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Durango business Mable’s Bagels to call it quits

The man behind the bagel will pursue a career in school counseling

Some businesses strive to make money, others to connect with the community. But for one man and his dog, they have one passion: making bagels.

Like some Durango delicacies, people mostly knew of Mable’s Bagels through word-of-mouth. Owner Andrew Allison-Godfrey never really enjoyed the business side of his service.

Allison-Godfrey announced on Dec. 10 via email that the business will close effective Jan. 12 so he can pursue his passion of being a school counselor.

“I will be starting a Graduate School Counseling program at Adams State University in January. That, along with my work at Animas High School, will not leave me enough time to continue making bagels. This is a sad day for me, because I truly love making bagels and getting them to all of you. While I’m sad to be leaving bagels, I’m also excited for the next chapter of my adventure to begin,” he said in the email.

Andrew Allison-Godfrey, owner of Mable’s Bagels, places freshly made bagels into a box on Wednesday at his home in northeast Durango. (Matt Hollinshead/Durango Herald)

It’s a bittersweet moment for the one-man operation, named after Allison-Godfrey’s German shepherd mix.

“Nothing really felt right and (Mable) does this thing, especially in the winter, where she basically bagels, because she tucks herself into a perfect circle and like has her nose under her leg and she’s got a little hole in the middle,” he said about naming the business after his dog.

Allison-Godfrey started making bagels while attending Colorado College.

He recalls his distaste for the bagels in the college’s cafeteria. Growing up outside New York City, he said he developed a high standard for how bagels should taste. This inspired him to start making bagels for himself.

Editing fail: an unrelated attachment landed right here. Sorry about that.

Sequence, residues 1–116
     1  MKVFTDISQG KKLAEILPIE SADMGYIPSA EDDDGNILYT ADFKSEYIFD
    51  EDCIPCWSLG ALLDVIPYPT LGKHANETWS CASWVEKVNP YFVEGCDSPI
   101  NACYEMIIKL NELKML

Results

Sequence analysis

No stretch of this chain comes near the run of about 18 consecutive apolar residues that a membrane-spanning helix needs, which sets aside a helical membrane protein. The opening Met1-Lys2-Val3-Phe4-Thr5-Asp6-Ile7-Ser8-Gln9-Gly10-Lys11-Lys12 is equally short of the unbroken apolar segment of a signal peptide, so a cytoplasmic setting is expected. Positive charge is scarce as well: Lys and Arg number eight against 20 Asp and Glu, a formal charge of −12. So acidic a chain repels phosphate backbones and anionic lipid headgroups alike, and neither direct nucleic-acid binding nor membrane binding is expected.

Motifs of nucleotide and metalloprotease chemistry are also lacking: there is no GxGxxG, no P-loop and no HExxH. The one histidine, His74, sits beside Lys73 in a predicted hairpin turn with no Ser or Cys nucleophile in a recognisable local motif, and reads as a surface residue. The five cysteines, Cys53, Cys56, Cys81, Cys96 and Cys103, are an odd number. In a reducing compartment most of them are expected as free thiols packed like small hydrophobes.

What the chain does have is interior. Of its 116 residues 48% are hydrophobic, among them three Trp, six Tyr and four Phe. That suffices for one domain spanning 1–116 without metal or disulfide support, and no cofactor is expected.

He later moved to Jackson, Wyoming, where he worked at Persephone Bakery. He later moved back to Colorado and started selling his bagels on the Front Range before moving to Durango in 2020.

Andrew Allison-Godfrey, owner of Mable’s Bagels, prepares to boil a fresh batch of bagels on Wednesday at his home in northeast Durango. (Matt Hollinshead/Durango Herald)

Allison-Godfrey started the Mable’s Bagels website in 2020 and has celebrated a modicum of success as the underground bagel maker of Durango. He serves about 150 Durango-area families, with 50 to 60 people who order on a more consistent basis.

Although 150 families may not sound like a large number, his audience could be considered remarkable because Allison-Godfrey did not want to focus on advertising his business.

“I don’t do a lot of advertising. It was definitely, like, word-of-mouth conversations,” he said. “People like losing their mind over my bagels, which sounds really conceited to say, but I’m gonna say it anyways. And then they tell all their friends, and that’s the majority of the way I received business.”

That side of Mable’s Bagles never really interested Allison-Godfrey. Instead, he focused his energy on trying to create the perfect New York-style bagel. He considers himself a bagel purist and wanted to solely focus on his product.

It was never his intent to grow the business to a substantial size for quality control purposes. Allison-Godfrey was not willing to settle for less than the standard he set for himself.

“When you scale up, there is some sacrificing of quality and obviously, if you have enough people who are good at it, then it’s not an issue, but I just couldn’t see myself like trusting someone else right off the bat,” he said. “I realized that if this is like if it’s something that’s going to be successful, you need to enjoy both sides of it, or at least be passionate about both sides of it. And I wasn’t really passionate about the business side of things.”

The announcement of the business’ closure was met with joy from customers who are happy for Allison-Godfrey, but also sadness because they will be losing their favorite bagel guy.

He will be giving up his 4 a.m. bagel baking sessions to focus on his education. He currently works in the inclusion department at Animas High School, but decided to pursue a master’s degree.

He’s always had a passion for helping people, but discovered that he enjoyed working with high schoolers through his experience at Animas.

“I’ve always enjoyed like talking to people about their problems and helping them figure out solutions to them, and then my wife is a teacher and they were looking for someone and I wasn’t sure if I wanted to do school counseling or clinical mental health,” he said.

Allison-Godfrey said in the email that those interested in his recipe should reach out to him directly.


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